So what do I use Twitter for?
Largely for information gathering - If you choose who you follow with libraries and information in mind, you can find a wealth of material.
From the other side - it can be useful for disseminating information - one can reach a wider audience because of the links of someone who follows someone, and the facility to retweet.

In a work setting - I can see that it very useful for information gathering - for keeping oneself abreast of developments. Also for general 'advertising' it has a place. However it's very fluid ever-changing nature means one could not rely on it on its own to get information across to one's followers, as I suspect few would scroll down all the posts since they last logged in. (unless of course they constantly have a Twitter window open). This is also assuming that the library's users choose to follow it in the first place.

So - as a personal tool for CPD and keeping in touch - I think it's great. As a means of keeping users abreast of developments in their library - it has possibilities, but only in conjunction with a website, e-mails etc.

12 June 2010

Google Calendar

This 'Thing' was easy, in that I already use Google Calendar.  (You can see from the sea of colour on the screenshot how heavily it is used!) However as I played with, following through the instructions, and tried to find out "how to..." for a fellow Cam23 participant I did make some discoveries. Thanks to Cam23 therefore I have an even better set-up than before.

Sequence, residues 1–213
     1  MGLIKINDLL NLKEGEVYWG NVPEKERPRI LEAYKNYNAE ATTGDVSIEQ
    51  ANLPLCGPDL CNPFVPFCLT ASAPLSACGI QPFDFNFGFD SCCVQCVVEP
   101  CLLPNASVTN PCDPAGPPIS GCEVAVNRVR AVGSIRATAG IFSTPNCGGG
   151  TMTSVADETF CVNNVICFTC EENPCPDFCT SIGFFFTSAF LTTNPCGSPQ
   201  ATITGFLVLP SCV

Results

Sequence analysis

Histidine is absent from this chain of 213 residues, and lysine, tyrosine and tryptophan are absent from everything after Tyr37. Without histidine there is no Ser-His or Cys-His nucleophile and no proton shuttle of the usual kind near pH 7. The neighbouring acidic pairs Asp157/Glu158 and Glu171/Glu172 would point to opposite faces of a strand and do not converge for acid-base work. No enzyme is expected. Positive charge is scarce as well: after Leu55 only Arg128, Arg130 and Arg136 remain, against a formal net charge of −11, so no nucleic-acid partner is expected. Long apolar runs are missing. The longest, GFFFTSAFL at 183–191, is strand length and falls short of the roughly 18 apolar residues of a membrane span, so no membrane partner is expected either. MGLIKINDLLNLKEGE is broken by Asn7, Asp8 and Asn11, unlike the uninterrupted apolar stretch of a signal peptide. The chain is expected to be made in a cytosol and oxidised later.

First discovery when playing with the settings was that I could put the default to a month view - brilliant - much more useful to me. I could also have the week starting on Monday not Sunday. Again this is more how I view the world. I've also played around with the colours, so that now 'my' events and interests are in shades of blue and green, and the rest of the family, outside events are in oranges and reds. I have also discovered the 'agenda' setting, interesting but I think I prefer the calendar view. Putting the calendar into iGoogle seems a good idea, although again I would prefer this to be in a calendar view rather than as a list.

For me the ability to share calendars is where Google Calendars comes into its own. My family seem to lead busy lives - and it makes it so much easier when planning to be able to see all events at a glance. I can see that in a library setting this would also come into its own - though i suspect there might be a period of 'playing' before all had sorted out exactly what went on the calendar and how to share (i.e. which events in one's calendar are personal and therefore of no interest to those you share with and those you need them to know)

10 June 2010

Doodle... it's a doddle

I have come across Doodle before as a participant, but never tried setting one up before. I was surprised by how easy this was. I decided to use it to arrange a meeting with two of my fellow Cam23 participants, who I already needed to organise a meeting with on another matter. I had been putting off doing this because of the usual plethora of e-mails that need to be sent before all find a date that is free. This seems a much easier way of doing it.

Any disadvantages? I would prefer not to have all the adverts. However if this is the payoff for getting the application for free, I can put up with them.